Legal to Drink in Parks? Sydney to Cut 62 Alcohol-Free Zones

alcohol-free zones

Sydney is planning to remove the bans on 62 public places that had been included in the alcohol-free zones a few months back.

According to the earlier ruling, it was declared as illegal to drink in public places licensed as alcohol-free zones. But now, the city has decided to remove the bans from some of those places that are considered lock out zones and those that fall under those banned areas, including Newtown, Surry Hills, Kings Cross, Redfern, Alexandria, Rosebury, Waterloo and Darlinhurst. The removal of bans will include the streets and parks across Sydney.

Lord Mayor Clover Moore’s government witnessed the frequent increase in the number of alcohol-free zones to around 400, which is far more than the 149 recorded in 2009. The Sydney authority’s plans have prompted a wave of anger among police officials who believe that restrictions on drinking in specified areas helped in declining rates of violent crimes to a great extent.

According to Music Feeds, Moore seems to be planning for such an initiative, keeping in mind the upcoming council elections. The speculations are that taking the step will help Moore grab more votes from the youth. In case the bans are removed, the homeless population of the region will get an opportunity to drink in more centralised areas now.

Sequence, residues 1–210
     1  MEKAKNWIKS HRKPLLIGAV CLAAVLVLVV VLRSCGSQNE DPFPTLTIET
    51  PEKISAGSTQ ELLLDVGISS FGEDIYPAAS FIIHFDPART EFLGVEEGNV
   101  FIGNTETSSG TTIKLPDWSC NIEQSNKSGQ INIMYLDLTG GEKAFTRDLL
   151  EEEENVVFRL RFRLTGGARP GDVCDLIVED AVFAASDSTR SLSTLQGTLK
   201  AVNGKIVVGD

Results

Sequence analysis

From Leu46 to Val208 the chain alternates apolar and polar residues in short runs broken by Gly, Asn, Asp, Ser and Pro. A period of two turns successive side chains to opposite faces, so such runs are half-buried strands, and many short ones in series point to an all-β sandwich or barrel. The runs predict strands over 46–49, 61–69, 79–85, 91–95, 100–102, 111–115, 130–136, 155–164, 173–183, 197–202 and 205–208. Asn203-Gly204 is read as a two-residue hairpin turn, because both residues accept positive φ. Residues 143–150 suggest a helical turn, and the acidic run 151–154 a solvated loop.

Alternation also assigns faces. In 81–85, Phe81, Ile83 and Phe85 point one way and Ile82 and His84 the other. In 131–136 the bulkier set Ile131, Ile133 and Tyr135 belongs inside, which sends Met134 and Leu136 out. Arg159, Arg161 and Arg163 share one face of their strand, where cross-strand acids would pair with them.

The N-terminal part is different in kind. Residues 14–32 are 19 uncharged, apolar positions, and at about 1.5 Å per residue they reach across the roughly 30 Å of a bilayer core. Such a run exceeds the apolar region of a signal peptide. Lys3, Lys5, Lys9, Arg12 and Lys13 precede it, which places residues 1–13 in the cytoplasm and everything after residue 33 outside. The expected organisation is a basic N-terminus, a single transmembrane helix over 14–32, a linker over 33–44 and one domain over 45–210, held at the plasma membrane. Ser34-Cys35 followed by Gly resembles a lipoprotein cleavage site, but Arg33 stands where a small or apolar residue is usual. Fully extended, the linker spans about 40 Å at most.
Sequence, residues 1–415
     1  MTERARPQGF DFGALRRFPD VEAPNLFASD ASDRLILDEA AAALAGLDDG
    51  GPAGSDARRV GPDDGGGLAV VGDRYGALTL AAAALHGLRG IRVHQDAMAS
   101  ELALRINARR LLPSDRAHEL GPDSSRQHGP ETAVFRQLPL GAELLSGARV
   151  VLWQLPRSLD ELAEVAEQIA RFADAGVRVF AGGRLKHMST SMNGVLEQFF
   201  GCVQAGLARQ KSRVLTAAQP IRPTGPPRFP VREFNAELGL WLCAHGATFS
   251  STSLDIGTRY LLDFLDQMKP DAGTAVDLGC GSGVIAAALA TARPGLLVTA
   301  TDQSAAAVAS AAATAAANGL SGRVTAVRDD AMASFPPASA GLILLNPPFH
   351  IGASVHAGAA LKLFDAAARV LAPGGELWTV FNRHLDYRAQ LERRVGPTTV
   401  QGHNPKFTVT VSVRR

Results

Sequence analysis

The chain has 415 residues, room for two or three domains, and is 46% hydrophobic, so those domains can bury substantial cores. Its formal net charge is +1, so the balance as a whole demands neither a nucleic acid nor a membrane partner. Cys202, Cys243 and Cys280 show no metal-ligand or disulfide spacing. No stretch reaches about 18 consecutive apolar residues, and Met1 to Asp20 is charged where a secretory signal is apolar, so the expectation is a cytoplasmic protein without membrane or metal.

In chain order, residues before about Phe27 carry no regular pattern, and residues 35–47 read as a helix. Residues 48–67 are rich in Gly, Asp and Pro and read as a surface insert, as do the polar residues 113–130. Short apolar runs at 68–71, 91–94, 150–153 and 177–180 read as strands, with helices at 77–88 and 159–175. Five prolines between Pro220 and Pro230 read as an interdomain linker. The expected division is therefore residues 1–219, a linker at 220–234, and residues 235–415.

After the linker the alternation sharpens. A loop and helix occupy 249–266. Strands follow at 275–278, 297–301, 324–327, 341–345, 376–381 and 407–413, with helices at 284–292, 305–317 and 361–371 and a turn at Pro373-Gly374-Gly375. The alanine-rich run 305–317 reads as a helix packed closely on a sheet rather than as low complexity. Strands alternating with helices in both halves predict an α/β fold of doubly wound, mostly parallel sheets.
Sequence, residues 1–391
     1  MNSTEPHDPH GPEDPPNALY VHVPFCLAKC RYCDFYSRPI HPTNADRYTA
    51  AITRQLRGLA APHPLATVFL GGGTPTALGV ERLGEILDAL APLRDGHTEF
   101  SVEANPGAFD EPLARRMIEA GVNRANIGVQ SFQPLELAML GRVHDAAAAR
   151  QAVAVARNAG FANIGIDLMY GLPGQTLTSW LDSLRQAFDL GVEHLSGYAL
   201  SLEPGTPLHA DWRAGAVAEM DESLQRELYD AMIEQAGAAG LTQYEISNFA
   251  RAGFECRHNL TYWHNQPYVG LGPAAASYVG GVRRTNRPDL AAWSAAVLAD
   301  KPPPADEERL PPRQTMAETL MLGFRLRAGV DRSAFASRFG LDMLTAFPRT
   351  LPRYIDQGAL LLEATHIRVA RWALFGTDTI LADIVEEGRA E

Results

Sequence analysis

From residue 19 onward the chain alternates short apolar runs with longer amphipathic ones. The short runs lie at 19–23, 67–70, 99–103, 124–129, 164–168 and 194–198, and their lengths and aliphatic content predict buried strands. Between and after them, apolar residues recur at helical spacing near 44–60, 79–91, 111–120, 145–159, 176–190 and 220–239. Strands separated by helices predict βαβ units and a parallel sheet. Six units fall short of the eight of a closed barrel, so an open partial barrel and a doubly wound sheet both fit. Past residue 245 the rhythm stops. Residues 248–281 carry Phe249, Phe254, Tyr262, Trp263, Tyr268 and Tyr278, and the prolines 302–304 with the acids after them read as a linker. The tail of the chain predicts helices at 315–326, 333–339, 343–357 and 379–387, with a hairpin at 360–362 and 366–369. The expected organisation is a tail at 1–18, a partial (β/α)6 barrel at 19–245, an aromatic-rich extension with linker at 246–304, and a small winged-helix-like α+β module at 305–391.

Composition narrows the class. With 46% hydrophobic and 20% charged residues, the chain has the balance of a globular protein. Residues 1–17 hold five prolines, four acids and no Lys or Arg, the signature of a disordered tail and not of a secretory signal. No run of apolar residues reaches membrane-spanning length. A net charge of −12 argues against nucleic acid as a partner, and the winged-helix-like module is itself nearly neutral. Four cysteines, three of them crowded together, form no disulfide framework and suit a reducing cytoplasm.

Though the council advocated the crimes statistics saying the rates were quite low in that area, NSW police looked disappointed with the authority’s decision. The officers said that the ban helped in the prevention of violent crimes prompting deteriorated “malicious damage, stealing, offensive behaviour and acts of violence.” “Removing alcohol-free zones makes the job of local police in these areas more difficult,” Police Association of NSW boss Scott Weber said as quoted by the Daily Telegraph.

Liberal Councillor Christine Forster said the best verdict relating to crime stats comes from police officials as they are concerned authorities. “Like most things, you’ve got to strike a balance,” Forster added.

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